Just a little story I thought I would share to add some perspective. I had a routine doctor’s appointment last week. Nothing special, just a check up. As I was sitting in the waiting area a man started to talk to me. I didn’t think anything of it. I understand how boring a waiting room could be. It started with the normal small talk about waiting rooms and over scheduled appointments and I was polite and direct in my answers. I thought that I was pretty clear that I was just being cordial and not looking for the conversation to go any further… but…
As we sat there, stuck in a room, waiting for the nurse to call us in he escalated the conversation. He started telling me how cute I was. How he’s just looking for a nice girl. He started asking personal things about my life, which I dodged as clearly as I could. I lied when he pressed me on where I live. I lied and told him that I was married. I started messaging people on my phone to show him that I was otherwise engaged in other conversation. I was already sitting as far away from him as I could, but still leaned further in the other direction.
He pressed on, “Would your husband be mad if he knew you were talking to me? Is he going to get jealous?”. Really? I’m just here to get my blood pressure and ears checked.. and whatever else comes along with this check up. I really don’t need this while I’m trapped in a room alone with a stranger.
I know a lot of men would probably respond to my post as, “what? he’s just being friendly, if you didn’t like it you didn’t have to respond”, but as most women know not responding can sometimes escalate things even further.. then these “friendly men” can start calling you names and can become aggressively attentive in an attempt to make you the problem.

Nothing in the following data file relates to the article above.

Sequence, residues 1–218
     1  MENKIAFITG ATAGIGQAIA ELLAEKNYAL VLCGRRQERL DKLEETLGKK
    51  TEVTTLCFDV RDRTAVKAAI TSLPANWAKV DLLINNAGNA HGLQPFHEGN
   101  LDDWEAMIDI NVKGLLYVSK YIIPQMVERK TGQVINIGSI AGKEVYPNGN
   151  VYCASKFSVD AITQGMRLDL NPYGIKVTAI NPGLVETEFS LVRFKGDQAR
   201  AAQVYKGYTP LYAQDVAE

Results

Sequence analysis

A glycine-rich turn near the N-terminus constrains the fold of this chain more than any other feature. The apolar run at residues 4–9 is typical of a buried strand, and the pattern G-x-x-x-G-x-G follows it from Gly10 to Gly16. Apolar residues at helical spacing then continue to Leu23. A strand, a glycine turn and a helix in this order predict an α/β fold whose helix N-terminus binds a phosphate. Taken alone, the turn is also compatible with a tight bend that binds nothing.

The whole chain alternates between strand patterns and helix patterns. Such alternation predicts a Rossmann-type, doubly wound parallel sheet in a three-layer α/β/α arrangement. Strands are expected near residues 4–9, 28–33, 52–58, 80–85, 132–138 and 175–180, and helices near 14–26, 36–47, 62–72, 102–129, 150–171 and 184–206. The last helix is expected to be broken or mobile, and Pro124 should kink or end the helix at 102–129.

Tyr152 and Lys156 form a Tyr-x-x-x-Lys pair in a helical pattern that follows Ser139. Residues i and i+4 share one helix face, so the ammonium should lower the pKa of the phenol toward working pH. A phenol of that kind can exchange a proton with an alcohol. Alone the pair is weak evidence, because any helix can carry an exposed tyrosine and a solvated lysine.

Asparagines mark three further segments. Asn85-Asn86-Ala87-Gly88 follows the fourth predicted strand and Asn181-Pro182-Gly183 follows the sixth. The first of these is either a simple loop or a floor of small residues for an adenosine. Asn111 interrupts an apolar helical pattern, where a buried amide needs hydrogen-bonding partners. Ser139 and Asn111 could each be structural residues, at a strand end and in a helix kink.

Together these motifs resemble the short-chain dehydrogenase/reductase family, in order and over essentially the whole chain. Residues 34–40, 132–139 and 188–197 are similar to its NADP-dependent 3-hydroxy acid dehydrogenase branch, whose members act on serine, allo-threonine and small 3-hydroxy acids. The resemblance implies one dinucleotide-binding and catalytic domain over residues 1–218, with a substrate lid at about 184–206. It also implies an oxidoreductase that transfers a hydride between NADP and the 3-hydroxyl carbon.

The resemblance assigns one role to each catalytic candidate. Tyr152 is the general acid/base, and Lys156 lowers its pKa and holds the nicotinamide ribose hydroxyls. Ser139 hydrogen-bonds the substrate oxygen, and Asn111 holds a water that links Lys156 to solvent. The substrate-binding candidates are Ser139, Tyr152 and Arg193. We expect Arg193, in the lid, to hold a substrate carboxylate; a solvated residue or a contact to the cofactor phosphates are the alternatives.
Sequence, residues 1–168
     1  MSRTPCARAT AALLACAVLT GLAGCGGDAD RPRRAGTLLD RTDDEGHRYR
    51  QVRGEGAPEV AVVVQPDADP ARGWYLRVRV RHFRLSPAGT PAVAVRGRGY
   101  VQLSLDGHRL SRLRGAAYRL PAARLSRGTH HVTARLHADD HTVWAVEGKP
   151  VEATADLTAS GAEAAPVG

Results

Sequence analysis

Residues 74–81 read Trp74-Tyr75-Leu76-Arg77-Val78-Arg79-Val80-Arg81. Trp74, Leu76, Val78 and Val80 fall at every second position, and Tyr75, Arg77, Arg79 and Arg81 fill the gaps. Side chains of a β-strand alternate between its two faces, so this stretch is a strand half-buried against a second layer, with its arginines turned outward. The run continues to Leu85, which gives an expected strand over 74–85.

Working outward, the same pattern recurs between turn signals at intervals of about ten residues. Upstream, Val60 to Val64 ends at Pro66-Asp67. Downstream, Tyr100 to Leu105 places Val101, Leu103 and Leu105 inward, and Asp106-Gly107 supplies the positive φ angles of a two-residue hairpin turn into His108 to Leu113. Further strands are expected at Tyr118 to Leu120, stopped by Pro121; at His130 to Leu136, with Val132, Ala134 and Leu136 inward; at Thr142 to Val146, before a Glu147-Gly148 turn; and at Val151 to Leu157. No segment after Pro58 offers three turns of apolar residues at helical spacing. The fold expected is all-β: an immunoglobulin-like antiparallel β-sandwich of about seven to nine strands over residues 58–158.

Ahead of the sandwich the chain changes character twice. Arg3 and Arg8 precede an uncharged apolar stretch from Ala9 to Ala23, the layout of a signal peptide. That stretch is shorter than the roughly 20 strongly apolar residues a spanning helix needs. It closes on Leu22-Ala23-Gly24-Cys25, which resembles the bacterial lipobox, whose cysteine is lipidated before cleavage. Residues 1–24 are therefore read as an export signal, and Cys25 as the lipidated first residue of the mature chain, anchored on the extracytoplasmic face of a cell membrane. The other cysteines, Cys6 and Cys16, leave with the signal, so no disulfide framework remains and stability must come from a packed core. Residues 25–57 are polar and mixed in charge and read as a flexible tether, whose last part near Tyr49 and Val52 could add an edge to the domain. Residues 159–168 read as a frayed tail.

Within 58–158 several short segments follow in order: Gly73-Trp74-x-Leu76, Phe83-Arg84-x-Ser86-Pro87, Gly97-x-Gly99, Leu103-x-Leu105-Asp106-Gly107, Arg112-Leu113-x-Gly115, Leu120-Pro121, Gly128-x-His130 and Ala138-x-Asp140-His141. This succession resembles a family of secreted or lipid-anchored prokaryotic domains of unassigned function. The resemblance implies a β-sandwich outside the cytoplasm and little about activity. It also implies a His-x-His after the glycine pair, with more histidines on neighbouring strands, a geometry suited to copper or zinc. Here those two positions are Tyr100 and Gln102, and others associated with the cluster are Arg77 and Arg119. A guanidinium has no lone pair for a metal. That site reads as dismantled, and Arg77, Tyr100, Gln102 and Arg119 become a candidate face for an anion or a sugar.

I was messaging with my brother at the time and thankfully he is not one of those neanderthal men who assume that women should be grateful for attention of any kind. He understood that I was uncomfortable. He asked me if I had a clear way to leave the building and I told him that I help my keys out as I walked and cleared the elevator before I got in. I made sure that the man was not in the hallway when I stepped into the elevator, as it would be too easy for him to jump in after me.
Now I know what you’re thinking. This all seems crazy. I am clearly a super paranoid women who hates men. But this is the thing that men don’t understand. This is our thought process. I have no problem with men. I have many male friends. I was raised by a single dad and have a brother whom I love. I have a nephew and a son.. and as a child mostly played with my 2 boy cousins until the one girl cousin I had came around when I was 7. I am very comfortable around men. I have worked in male dominated fields. I have often been “one of the guys” due to office dynamics as well as hobbies that I have (I’m a bit of a geek). Men, as a species, don’t intimidate me. However, as a woman I understand that not all men are like my brother or my best friend. Not all men have the same understanding of women’s personal space and boundaries.
Men joke about situations like being ok with gay guys as long as they don’t hit on them, or “don’t say things to women that you wouldn’t want your cellmate to say to you” and there’s a reason for that. Men understand that sometime other men don’t take no for an answer. They know what they and their friends are like with women and they wouldn’t want to be put in a situation like that. They wouldn’t want to be stuck in a room with an overly attentive man with no idea where the situation could take them or the feeling of having to possibly defend themselves physically. No one likes that feeling, but that feeling is exactly the part of the “me too” message that is getting lost.
When women talk about how we feel harassed in our everyday lives. How we have been forced to deal with things that make us feel unsafe or pressured it doesn’t just mean the times that we are raped, or felt up. Harassment isn’t just about the p***y grabbing and penetration. Harassment is being made to feel unsafe for no other reason than because you are who you are. Whether it be you’re a woman, a person of color, or part of the lbgtq movement if you are not a member of the “group in power” you are vulnerable, and the only way we can gain our power is to stick together and support each other.